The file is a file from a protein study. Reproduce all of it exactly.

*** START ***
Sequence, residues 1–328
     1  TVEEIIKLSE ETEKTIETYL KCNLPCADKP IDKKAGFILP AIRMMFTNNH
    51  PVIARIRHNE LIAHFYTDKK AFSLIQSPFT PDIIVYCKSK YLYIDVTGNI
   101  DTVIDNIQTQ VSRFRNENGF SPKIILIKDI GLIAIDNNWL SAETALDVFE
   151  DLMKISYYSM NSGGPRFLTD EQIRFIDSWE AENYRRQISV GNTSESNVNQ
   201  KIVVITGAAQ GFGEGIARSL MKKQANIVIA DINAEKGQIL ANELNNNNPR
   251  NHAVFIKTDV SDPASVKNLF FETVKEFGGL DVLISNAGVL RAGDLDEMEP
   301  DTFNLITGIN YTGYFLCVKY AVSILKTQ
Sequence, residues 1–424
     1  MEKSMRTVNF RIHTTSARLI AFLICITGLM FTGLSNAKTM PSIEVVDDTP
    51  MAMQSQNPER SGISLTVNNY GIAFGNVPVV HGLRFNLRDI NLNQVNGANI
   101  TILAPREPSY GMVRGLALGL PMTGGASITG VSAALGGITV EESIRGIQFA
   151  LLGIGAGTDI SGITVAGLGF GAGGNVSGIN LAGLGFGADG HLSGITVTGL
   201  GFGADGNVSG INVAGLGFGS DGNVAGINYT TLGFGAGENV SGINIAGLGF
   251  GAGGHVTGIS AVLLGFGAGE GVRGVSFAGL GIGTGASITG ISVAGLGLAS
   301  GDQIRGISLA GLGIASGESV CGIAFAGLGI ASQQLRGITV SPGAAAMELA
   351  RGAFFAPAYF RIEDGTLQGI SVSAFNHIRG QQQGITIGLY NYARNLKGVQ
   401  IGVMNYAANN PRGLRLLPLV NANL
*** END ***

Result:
Sequence, residues 1–328
     1  TVEEIIKLSE ETEKTIETYL KCNLPCADKP IDKKAGFILP AIRMMFTNNH
    51  PVIARIRHNE LIAHFYTDKK AFSLIQSPFT PDIIVYCKSK YLYIDVTGNI
   101  DTVIDNIQTQ VSRFRNENGF SPKIILIKDI GLIAIDNNWL SAETALDVFE
   151  DLMKISYYSM NSGGPRFLTD EQIRFIDSWE AENYRRQISV GNTSESNVNQ
   201  KIVVITGAAQ GFGEGIARSL MKKQANIVIA DINAEKGQIL ANELNNNNPR
   251  NHAVFIKTDV SDPASVKNLF FETVKEFGGL DVLISNAGVL RAGDLDEMEP
   301  DTFNLITGIN YTGYFLCVKY AVSILKTQ
Sequence, residues 1–424
     1  MEKSMRTVNF RIHTTSARLI AFLICITGLM FTGLSNAKTM PSIEVVDDTP
    51  MAMQSQNPER SGISLTVNNY GIAFGNVPVV HGLRFNLRDI NLNQVNGANI
   101  TILAPREPSY GMVRGLALGL PMTGGASITG VSAALGGITV EESIRGIQFA
   151  LLGIGAGTDI SGITVAGLGF GAGGNVSGIN LAGLGFGADG HLSGITVTGL
   201  GFGADGNVSG INVAGLGFGS DGNVAGINYT TLGFGAGENV SGINIAGLGF
   251  GAGGHVTGIS AVLLGFGAGE GVRGVSFAGL GIGTGASITG ISVAGLGLAS
   301  GDQIRGISLA GLGIASGESV CGIAFAGLGI ASQQLRGITV SPGAAAMELA
   351  RGAFFAPAYF RIEDGTLQGI SVSAFNHIRG QQQGITIGLY NYARNLKGVQ
   401  IGVMNYAANN PRGLRLLPLV NANL